Several officials said they expected Mr. Trump to warn that he would not waive the sanctions again unless Congress agreed on legislation to tighten the nuclear deal. He is also expected to demand that European leaders fall in line — something that seems even less likely after the political unrest in Iran.
Still, Mr. Trump’s expected action is most important for what he will not do: reinstate sanctions on Iran’s central bank and oil exports, which were lifted as an inducement to Tehran for constraining its nuclear program. That would have almost certainly unraveled the agreement — and it may yet, since Mr. Trump has warned he will dismantle the deal if he cannot improve it.
Mr. Trump’s decision came after a Thursday meeting with his national security team on a turbulent day, during which he made a vulgar reference to immigrants in a meeting with senators and told The Wall Street Journal, “I probably have a very good relationship with Kim Jong-un.”
Starting on Friday, Mr. Trump faces a series of deadlines related to the nuclear deal and sanctions that were waived as a result of it. The first of those deadlines — for extending or terminating the waiver for the central bank and oil sanctions — is by the far the most significant.
In October, Mr. Trump refused to certify the agreement — a decision he is expected to reaffirm next week. At the time, the president warned that he would take further action to nullify the deal if Congress and the allies did not act.
“In the event we are not able to reach a solution working with Congress and our allies,” he said over the fall, “then the agreement will be terminated.”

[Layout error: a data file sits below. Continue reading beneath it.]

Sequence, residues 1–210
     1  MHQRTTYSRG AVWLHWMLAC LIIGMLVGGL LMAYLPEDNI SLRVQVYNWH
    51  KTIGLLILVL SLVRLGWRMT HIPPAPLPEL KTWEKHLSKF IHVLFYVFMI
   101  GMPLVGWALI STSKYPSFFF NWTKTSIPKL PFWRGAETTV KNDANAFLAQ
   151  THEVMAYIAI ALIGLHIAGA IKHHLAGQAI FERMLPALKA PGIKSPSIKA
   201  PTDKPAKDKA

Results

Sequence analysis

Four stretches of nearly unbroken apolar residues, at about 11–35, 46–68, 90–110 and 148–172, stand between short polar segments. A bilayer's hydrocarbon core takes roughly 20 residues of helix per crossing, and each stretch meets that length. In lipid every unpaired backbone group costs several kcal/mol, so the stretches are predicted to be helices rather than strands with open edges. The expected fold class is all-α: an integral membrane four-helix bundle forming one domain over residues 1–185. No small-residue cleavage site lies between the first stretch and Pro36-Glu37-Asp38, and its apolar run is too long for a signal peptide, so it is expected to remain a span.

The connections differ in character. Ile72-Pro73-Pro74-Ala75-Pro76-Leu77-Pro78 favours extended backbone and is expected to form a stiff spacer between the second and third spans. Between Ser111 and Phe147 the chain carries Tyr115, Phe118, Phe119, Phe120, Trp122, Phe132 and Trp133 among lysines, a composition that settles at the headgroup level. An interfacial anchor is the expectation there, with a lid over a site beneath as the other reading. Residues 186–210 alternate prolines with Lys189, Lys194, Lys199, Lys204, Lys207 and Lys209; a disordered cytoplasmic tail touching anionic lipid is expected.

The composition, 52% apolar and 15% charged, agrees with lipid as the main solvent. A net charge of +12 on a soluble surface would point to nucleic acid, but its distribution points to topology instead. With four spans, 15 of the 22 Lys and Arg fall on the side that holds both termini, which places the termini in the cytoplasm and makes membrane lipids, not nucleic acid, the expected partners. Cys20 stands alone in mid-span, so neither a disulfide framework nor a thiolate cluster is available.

Republicans in the Senate have drafted legislation that would amend the deal by eliminating its “sunset provisions,” under which Iran is allowed to resume activities like enriching uranium. But they have so far been unable to bridge gaps with the Democratic caucus.
There is also no evidence that the Europeans have the appetite to reopen the deal. On Thursday, hours before Mr. Trump made his decision, European foreign ministers met in Brussels with Iran’s foreign minister, Mohammad Javad Zarif, ostensibly to press Tehran about its destabilizing activities in the region, which are putting the nuclear deal at risk.
But to some in Washington, the meeting amounted to a show of unity between Europe and Iran — and of defiance toward the United States. There were images of a smiling Mr. Zarif, seated among smiling European officials, followed by a parade of statements in favor of the deal.
“I don’t think anybody has so far produced a better alternative,” said the British foreign secretary, Boris Johnson. “The Iran nuclear deal makes the world safer. European partners were unanimous today in our determination to preserve the deal and tackle Iran’s disruptive behavior.”
The European Union’s foreign affairs chief, Federica Mogherini, said, “The deal is working — it is delivering on its main goal which means keeping the Iranian nuclear program in check and under close surveillance.”
In a phone call, President Emmanuel Macron of France also urged Mr. Trump not to scrap the deal. Mr. Macron “reaffirmed France’s determination to see the agreement strictly enforced and the importance for all of its signatories to abide by it,” his office said in a statement.
Privately, some White House officials complained about the phone call with Mr. Macron, which they said could have provoked Mr. Trump. Others said the diplomatic meeting in Brussels was similarly ill conceived, and they expressed frustration that the legislative efforts in Congress were not progressing quickly enough.
“Legislative gimmicks that don’t permanently fix the Iran nuclear deal under U.S. law, regardless of which party controls the White House, and continued European photo-ops with Javad Zarif are like waiving a red flag in front of an angry bull,” said Mark Dubowitz, the chief executive of the Foundation for Defense of Democracies.
“It could lead Trump to kill the deal, now or soon,” he said.
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